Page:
Super League clubs will notify their players of proposals to cut salaries across the competition over the coming days, with a warning that the reductions in wages may last for the entirety of this year.

Rugby league is waiting on a decision from the government regarding emergency funding, with a decision expected in the near future. However, it is believed more needs to be done internally to ensure the sport and its clubs make the necessary financial adjustments to survive irrespective of that decision by Westminster.

The Guardian has learned that all 12 top-flight clubs are in the process of putting together pay-cut proposals, which are expected to be sent to players by the end of this week. With the prospect of the domestic season remaining on hiatus for a prolonged period, it has left many clubs without the valuable income from gate receipts and sponsorship that, for some, is often required to stay afloat on a yearly basis.

But professional players in this country may have to be prepared to take a reduction on their salary for the whole season, rather than simply for the period until play resumes as first expected. Rather than Super League sending out a competition-wide proposal for pay cuts, clubs have instead formed their own packages based on their own financial projections, though it is believed that at a recent meeting, clubs agreed to all try to work within a 10% of one another.

Clubs are taking such a long-term approach to pay cuts not only due to the immediate cashflow issue the sport faces with no games being played, but also the repercussions of the coronavirus pandemic when the season eventually restarts. One Super League executive insisted that: “With the economy likely to be struggling for a long time, and huge unemployment expected in northern, working-class areas – which is effectively our support base – the idea of people forking out for two games a week is fanciful.”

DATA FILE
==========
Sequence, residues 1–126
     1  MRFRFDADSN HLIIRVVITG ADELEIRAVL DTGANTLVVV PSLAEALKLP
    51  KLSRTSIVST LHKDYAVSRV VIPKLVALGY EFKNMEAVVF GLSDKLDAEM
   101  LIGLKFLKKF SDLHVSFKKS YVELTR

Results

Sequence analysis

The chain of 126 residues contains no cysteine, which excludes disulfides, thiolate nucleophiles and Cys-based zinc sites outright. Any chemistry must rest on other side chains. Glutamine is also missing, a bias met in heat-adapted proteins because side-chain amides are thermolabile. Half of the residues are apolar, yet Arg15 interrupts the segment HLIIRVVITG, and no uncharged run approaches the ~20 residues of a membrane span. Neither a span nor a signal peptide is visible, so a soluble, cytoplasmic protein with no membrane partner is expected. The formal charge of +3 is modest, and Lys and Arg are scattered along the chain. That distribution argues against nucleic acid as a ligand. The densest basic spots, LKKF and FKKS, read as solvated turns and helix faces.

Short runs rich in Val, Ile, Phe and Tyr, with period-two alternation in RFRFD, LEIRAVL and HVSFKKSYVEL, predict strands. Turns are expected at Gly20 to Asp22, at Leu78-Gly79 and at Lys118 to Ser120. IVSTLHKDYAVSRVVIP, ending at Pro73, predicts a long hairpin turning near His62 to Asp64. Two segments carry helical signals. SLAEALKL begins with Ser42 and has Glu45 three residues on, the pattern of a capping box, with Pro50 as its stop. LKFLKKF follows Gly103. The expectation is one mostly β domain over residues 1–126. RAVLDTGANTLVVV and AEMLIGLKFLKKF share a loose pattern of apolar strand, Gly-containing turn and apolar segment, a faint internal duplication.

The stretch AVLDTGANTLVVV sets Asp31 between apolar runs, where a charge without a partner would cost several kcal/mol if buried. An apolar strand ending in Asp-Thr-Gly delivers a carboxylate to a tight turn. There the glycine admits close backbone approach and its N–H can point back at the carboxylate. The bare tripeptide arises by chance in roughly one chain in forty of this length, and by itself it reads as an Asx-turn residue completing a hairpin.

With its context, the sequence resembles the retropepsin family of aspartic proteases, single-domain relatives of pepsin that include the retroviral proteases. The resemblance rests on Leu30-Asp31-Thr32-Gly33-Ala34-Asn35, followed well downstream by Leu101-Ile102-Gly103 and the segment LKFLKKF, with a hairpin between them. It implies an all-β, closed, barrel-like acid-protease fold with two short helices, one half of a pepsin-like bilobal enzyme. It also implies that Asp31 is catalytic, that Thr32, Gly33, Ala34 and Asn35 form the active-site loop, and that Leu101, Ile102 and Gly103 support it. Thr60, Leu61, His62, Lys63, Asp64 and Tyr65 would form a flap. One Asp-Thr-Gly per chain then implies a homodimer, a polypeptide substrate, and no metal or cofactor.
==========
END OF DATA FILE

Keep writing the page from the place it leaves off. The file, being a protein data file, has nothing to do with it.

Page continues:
That has led clubs to determine that any pay cuts implemented across the competition – which will begin immediately, with the players’ April salaries being reduced – will have to be long-term and be in place for at least the whole of the current contract year, which runs until the end of November. The feeling within many boardrooms across the sport is that it could take years for rugby league to return to the financial footing it was on before the crisis began.

There have even been calls from some clubs about a discussion over potentially lowering the salary cap to secure the long-term future of the game, though it is understood that seems unlikely at this stage. The Guardian also understands that clubs have collectively agreed to take a stand of solidarity against any player who tries to launch legal proceedings as a result of the cuts being proposed, effectively agreeing not to sign the player should they become a free agent in the future.

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